Two months ago, the Westport Library bought an Oculus Rift. They lacked a computer with a graphics card big enough for the virtual reality headset that generates a crazy, immersive virtual world — but that’s the way the library rolls.
The Rift was about to hit the general consumer market. Library staffers knew it would be big. They snagged one of the last 2nd-generation developers’ kits. Then they went to work, figuring out what to do with it.
Nate Allen — a Maker Space volunteer who’s home-schooled in Fairfield — put the appropriate computer pieces together. (I asked him if it took all summer. Nope: 2 hours.)
The other day, I took it for a test drive. I’d never donned a virtual reality headset before — I’m not exactly a hardcore gamer — but despite a warning from Alex Giannini, the library’s manager of digital experience, that I might get nauseous, I opted for the Rift’s rollercoaster ride.
I have to say: It’s pretty freakin’ cool. I zoomed up, down and through some crazy Alice in Wonderland-type scenes. But with the Rift, I also looked all around — even over my shoulder — and became immersed in some great virtual reality scenes.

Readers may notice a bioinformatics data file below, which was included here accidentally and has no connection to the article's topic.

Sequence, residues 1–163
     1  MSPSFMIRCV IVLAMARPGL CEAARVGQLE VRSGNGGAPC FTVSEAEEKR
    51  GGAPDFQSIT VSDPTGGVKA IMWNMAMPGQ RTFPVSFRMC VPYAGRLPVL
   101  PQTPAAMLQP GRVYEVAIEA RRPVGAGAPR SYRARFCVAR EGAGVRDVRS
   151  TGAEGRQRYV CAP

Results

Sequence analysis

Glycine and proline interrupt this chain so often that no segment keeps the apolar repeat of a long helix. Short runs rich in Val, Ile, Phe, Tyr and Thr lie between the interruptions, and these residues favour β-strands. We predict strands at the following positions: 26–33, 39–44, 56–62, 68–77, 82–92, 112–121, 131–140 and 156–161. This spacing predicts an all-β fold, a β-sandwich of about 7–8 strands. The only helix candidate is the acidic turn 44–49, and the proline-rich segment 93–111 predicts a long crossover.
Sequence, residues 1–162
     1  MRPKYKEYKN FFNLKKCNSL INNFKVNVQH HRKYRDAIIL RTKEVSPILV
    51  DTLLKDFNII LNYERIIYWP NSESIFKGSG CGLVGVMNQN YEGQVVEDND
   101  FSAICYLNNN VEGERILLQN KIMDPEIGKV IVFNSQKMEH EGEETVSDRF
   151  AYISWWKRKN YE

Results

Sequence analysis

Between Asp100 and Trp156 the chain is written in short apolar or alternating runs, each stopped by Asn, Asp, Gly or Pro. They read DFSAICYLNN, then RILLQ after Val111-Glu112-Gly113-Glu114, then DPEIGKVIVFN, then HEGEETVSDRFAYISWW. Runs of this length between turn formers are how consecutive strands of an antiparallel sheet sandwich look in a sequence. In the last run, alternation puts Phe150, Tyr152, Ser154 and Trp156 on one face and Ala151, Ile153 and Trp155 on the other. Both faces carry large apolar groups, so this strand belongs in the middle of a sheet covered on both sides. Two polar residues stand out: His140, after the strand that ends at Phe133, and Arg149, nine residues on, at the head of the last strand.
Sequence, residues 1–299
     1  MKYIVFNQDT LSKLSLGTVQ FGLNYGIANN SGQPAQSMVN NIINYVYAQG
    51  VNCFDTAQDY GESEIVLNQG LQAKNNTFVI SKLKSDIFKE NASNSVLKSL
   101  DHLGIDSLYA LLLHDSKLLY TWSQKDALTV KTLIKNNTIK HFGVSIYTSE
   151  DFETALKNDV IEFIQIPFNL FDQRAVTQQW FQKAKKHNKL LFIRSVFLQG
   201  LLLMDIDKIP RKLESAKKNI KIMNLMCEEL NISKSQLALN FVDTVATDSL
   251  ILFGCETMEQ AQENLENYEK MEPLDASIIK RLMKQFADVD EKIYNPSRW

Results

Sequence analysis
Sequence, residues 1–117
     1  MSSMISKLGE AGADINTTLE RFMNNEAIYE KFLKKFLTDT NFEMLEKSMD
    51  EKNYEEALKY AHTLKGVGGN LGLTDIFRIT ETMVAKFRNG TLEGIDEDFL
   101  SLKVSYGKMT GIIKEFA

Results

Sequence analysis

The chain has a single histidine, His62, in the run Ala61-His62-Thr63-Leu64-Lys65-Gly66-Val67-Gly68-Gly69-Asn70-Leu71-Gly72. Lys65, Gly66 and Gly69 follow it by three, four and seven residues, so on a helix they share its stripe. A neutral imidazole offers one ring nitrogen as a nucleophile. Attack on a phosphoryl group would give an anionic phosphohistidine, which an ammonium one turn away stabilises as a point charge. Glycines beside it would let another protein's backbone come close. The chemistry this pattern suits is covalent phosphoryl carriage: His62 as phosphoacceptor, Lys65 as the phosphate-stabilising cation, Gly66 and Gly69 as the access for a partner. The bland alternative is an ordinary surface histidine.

The Rift will be available for everyone 13 and up. But, Alex knows, the core demographic is teenagers.
“That’s great,” he says. “This will get them to the library. They’ll play video games, but they’ll stay to help out. Maybe it will inspire some of them to get into developing games too.”
The Rift will be unveiled Labor Day weekend, at the library’s Blues, Views & BBQ booth. Later this fall it will be used as part of the library’s Teen Gaming Night.
Alex loves the Rift. “It’s so far beyond previous generations of virtual reality, I can’t even describe it,” he says. “We’re on the verge of something huge.”
As usual, the Westport Library leads the way.